You are not currently logged in.
Access JSTOR through your library or other institution:
If You Use a Screen ReaderThis content is available through Read Online (Free) program, which relies on page scans. Since scans are not currently available to screen readers, please contact JSTOR User Support for access. We'll provide a PDF copy for your screen reader.
On Puerto Rican Archaeology
Ricardo E. Alegria
Vol. 31, No. 2, Part 1 (Oct., 1965), pp. 246-249
Published by: Society for American Archaeology
Stable URL: http://www.jstor.org/stable/2693992
Page Count: 4
Since scans are not currently available to screen readers, please contact JSTOR User Support for access. We'll provide a PDF copy for your screen reader.
Preview not available
Historical sources corroborated by archaeological research demonstrate that the Antillean area was inhabited by people of three cultural traditions. Puerto Rico, because of its intermediate position between the Greater and Lesser Antilles, is of great importance in determining the chronology and the distribution of West Indian aboriginal cultures. Recent radiocarbon dates demonstrate that Puerto Rico was first populated by a preceramic people who arrived before the Christian era. A relationship between these Indians and certain preceramic groups of Venezuela has been postulated, although neither the chronology of the sites nor their distribution correspond. Other radiocarbon dates from Puerto Rico establish a clear relationship between the different pottery styles of the island and those of the Lesser Antilles and Venezuela.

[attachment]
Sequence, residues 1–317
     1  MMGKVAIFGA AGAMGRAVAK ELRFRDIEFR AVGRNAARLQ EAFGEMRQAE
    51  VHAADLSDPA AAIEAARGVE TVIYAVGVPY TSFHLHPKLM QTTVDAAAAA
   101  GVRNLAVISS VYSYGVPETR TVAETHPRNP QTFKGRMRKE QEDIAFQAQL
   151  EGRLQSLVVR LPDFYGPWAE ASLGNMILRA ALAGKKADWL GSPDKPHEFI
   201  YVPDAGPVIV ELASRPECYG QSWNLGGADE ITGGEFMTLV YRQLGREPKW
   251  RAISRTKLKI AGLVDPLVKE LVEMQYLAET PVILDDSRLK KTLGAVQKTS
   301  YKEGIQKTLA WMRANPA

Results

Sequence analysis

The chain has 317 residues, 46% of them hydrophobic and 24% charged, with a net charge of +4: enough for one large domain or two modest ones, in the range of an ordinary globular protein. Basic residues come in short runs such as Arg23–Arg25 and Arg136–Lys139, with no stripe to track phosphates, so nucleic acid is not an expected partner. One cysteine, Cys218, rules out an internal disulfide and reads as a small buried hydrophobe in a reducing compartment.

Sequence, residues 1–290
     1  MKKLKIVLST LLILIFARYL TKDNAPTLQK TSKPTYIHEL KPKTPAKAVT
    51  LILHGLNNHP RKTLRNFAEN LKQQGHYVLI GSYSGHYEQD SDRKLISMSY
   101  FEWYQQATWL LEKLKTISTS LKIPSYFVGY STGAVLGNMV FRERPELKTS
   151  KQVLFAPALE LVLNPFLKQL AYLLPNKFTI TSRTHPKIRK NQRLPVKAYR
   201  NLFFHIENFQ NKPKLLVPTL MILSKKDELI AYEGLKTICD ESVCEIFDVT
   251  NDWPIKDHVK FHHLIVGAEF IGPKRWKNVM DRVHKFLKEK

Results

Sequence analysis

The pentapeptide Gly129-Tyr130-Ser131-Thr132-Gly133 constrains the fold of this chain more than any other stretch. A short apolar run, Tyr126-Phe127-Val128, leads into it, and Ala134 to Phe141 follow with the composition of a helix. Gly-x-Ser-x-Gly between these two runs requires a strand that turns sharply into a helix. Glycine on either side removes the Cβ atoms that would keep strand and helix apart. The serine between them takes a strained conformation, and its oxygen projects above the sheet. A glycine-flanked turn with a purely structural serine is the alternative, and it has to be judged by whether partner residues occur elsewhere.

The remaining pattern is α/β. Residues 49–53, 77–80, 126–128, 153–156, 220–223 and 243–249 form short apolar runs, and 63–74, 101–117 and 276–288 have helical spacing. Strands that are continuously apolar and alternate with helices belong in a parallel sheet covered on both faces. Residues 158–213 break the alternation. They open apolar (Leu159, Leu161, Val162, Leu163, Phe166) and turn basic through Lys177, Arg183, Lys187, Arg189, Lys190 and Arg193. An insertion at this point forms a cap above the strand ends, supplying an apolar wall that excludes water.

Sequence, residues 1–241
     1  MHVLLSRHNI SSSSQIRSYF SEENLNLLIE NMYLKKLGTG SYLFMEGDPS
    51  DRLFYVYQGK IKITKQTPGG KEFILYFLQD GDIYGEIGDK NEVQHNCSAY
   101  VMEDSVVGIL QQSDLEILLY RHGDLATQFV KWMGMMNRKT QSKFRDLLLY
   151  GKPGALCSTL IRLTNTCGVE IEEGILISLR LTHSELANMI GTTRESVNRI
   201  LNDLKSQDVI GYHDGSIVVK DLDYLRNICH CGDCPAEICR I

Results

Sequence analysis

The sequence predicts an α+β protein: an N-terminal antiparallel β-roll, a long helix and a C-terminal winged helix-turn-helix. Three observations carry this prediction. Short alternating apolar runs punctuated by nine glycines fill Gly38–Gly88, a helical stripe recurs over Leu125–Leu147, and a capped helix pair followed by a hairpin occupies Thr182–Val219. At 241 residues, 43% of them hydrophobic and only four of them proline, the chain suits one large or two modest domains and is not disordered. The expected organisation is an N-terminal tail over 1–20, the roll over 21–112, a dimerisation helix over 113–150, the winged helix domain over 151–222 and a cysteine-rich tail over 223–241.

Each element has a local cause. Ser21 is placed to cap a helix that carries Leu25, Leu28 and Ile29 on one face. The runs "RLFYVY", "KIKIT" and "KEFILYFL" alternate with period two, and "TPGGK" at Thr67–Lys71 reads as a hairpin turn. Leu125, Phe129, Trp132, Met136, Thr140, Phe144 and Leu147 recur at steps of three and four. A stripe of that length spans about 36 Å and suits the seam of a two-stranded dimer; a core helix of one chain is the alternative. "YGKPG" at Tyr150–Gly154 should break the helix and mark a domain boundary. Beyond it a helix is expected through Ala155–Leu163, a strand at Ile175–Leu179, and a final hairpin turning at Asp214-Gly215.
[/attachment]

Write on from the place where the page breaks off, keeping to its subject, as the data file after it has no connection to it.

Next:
American Antiquity © 1965 Society for American Archaeology